1666 was a watershed year for England. The outbreak of the Great Plague, the eruption of the second Dutch War and the Great Fire of London all struck the country in rapid succession and with devastating repercussions.
Shedding light on these dramatic events, historian Rebecca Rideal reveals an unprecedented period of terror and triumph. Based on original archival research and drawing on little-known sources, 1666: Plague, War and Hellfire takes readers on a thrilling journey through a crucial turning point in English history, as seen through the eyes of an extraordinary cast of historical characters.
While the central events of this significant year were ones of devastation and defeat, 1666 also offers a glimpse of the incredible scientific and artistic progress being made at that time, from Isaac Newton's discovery of gravity to Robert Hooke's microscopic wonders. It was in this year that John Milton completed Paradise Lost, Frances Stewart posed for the now-iconic image of Britannia, and a young architect named Christopher Wren proposed a plan for a new London - a stone phoenix to rise from the charred ashes of the old city.
I studied this period for my History A Level, and have always had an interest in seventeenth-century history, so this book appealed to me. What I hadn't necessarily expected was what an easy, delightful read it would be, and how many dots joined up, not only in terms of putting the Second Dutch War in context with what was going on in England at the time, but also the way the author rounds off all the stories included here and tells us the fate of those involved.
The opening pages give a taste of what's to come. We get a description of everyday London life, but instead of vague 'would have' or 'probably' statements, we get the details of real people, who are named as they go about their lives. There are also fascinating snippets: I had no idea that (if one had the money) it was possible to have water piped directly into one's home during this period.
The first section of the book concerns the plague and we are told how, initially, there seemed no cause for alarm. The playhouses stayed open, but then people got scared and began to leave. Again, we are furnished with details using witness accounts. Mentioned by name are the Howlett and Mitchell families. Surviving the plague, they return to London and Betty Howlett marries Michael Mitchell. They set up shop close to where I know the Great Fire wreaked devastation. I really hoped that we'd meet them again.
Ms Rideal doesn't just tell us what happened, she tells us about the everyday world but in a purposeful way, without going off at tangents. She might set the scene by describing a London park and how it was laid out at the time, but this is by way of introducing a character who had a part to play in events.
Part Two details the war and the descriptions of the naval battles are excellent, again drawn from witness accounts. The military strategies (those which worked and those which didn't) are explained clearly and at no point was I confused about who was whom. Along the way, we are introduced to characters whose names are familiar, such as Aphra Benn, recruited initially as a - rather unsuccessful, as it turns out - spy.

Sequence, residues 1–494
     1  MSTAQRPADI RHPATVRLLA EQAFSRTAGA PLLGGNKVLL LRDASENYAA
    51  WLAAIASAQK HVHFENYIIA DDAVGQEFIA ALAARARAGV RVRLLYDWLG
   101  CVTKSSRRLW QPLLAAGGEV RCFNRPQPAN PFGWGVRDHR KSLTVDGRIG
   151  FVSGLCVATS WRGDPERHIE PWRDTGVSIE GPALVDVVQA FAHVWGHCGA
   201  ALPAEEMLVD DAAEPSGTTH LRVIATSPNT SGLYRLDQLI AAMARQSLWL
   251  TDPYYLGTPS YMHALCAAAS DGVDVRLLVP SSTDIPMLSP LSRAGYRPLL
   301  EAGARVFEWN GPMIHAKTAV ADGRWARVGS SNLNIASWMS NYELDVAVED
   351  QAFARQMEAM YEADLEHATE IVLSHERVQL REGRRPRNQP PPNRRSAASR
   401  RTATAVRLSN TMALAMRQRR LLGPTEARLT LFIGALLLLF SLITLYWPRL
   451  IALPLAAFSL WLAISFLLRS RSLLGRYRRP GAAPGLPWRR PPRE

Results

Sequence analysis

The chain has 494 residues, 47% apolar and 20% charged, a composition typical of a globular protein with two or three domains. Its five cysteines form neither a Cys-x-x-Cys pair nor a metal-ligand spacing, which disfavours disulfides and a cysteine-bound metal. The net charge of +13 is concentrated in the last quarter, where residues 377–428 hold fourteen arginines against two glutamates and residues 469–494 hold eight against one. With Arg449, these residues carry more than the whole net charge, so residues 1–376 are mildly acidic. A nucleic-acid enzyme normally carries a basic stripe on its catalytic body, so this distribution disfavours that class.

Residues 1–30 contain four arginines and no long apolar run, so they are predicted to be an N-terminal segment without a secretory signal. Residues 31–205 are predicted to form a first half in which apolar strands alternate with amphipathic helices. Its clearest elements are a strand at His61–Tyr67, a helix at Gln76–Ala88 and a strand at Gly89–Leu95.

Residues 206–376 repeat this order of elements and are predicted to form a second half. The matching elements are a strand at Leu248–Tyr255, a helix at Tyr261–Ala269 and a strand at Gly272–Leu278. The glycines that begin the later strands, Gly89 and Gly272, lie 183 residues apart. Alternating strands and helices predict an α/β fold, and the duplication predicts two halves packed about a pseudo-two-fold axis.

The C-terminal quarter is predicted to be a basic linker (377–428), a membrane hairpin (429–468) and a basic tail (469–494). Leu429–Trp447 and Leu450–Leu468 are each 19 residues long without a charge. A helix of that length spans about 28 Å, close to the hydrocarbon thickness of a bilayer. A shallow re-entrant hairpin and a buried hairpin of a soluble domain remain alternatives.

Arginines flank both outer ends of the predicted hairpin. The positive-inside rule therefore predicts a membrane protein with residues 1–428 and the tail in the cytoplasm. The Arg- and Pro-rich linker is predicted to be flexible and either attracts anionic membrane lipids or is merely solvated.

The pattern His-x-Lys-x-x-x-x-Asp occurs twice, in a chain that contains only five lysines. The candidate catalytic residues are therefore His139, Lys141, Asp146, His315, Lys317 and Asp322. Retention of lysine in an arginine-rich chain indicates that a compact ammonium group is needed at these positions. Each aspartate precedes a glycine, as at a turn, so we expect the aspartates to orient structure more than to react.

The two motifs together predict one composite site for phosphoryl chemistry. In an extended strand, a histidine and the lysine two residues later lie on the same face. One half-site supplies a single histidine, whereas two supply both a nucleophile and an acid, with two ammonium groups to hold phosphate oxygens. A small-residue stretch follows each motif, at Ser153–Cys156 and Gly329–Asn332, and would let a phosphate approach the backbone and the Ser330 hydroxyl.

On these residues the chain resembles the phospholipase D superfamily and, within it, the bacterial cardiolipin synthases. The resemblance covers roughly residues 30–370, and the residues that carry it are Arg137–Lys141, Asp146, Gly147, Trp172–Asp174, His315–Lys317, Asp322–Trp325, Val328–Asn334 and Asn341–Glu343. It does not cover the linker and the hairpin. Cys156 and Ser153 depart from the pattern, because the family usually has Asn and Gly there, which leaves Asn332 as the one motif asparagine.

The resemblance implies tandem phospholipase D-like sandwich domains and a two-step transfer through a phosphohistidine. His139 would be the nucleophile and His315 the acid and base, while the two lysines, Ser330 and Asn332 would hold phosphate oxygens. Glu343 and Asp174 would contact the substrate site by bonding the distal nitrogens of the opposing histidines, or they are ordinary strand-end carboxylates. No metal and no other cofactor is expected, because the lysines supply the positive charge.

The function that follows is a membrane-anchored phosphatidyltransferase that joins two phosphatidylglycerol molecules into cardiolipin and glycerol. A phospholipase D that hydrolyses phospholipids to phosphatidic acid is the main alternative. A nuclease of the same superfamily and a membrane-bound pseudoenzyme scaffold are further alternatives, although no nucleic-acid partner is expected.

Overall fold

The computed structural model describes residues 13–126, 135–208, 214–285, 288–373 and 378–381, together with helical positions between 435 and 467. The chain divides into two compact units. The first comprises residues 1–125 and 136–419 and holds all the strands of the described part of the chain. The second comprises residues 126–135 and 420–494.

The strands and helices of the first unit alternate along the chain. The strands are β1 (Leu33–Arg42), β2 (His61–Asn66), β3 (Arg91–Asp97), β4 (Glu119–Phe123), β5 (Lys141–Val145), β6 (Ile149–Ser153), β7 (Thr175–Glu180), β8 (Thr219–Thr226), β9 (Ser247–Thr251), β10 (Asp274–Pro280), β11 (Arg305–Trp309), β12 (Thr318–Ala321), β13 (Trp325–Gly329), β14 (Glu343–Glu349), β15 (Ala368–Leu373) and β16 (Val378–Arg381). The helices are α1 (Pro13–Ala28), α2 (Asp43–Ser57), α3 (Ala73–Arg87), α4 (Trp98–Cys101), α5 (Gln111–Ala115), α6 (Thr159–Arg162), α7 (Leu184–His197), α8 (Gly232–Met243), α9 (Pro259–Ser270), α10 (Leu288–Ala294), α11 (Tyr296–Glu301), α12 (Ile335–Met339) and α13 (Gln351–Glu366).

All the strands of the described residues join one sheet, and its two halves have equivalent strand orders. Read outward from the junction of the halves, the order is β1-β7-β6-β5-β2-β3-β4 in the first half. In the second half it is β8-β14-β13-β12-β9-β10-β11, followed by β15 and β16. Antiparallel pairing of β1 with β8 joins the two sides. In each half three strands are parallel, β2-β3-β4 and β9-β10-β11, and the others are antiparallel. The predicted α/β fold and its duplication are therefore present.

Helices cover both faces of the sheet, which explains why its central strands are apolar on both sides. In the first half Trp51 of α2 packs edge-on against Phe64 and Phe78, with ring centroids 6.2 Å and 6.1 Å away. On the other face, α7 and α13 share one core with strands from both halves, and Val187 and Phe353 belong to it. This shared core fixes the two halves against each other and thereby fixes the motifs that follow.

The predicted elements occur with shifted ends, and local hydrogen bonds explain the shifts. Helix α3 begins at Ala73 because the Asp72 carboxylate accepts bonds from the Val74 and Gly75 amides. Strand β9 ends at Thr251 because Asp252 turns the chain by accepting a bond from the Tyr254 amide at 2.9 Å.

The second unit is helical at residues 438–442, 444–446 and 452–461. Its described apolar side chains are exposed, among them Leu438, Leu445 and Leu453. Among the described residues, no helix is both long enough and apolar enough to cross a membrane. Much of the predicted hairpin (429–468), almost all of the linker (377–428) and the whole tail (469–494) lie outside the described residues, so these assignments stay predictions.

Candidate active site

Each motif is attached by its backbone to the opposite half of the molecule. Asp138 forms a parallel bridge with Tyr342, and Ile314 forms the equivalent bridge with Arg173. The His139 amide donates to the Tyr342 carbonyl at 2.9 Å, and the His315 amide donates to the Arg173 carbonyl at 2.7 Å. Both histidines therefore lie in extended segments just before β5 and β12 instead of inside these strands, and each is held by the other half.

Then, the Great Fire. And again, detail that surprised. I didn't know that St Paul's was already in a bad state of repair and was clad in scaffolding before the conflagration destroyed it. We have the detailed account from a young boy, William Taswell, as well as those from the likes of Samuel Pepys. We even get details about the early life of Thomas Farriner, at whose bakery the fire started and we learn that he had been in and out of correctional institutions before finally being apprenticed to a baker. Such information reminds us that this is a story about people, not just facts and statistics. The ordinary folk of London are given prominence, although we still get plenty of rich detail about the more recognisable people - Newton, Pepys, Aphra Benn, Rochester - and it really brings the history to life.
The human story is also apparent in the closing chapters. We learn of the complications (legal as well as practical) of rebuilding London, and the after-effects of living through such times. Those who'd survived plague, war and fire show symptoms of what we'd now recognise as PTSD. But many also suffered from guilt - that they had personally or collectively brought disaster upon themselves.
Of course, 1666 wasn't all about catastrophe. There is a wonderful example of scene-setting which introduces Newton's moment under the apple tree. It's informative and evocative and made me think that should the author ever decide to write a novel, it would be excellent.
The epilogue details what became of the people mentioned along the way, and so we find out about the later lives of Pepys, Charles II, Nell Gwynn etc. But, satisfyingly, we also discover the fate of Michael and Betty Mitchell.
Informative, well-researched, beautifully written and very accessible. I highly recommend it to anyone interested in this period. Or actually, just to anyone who fancies a damn good read.
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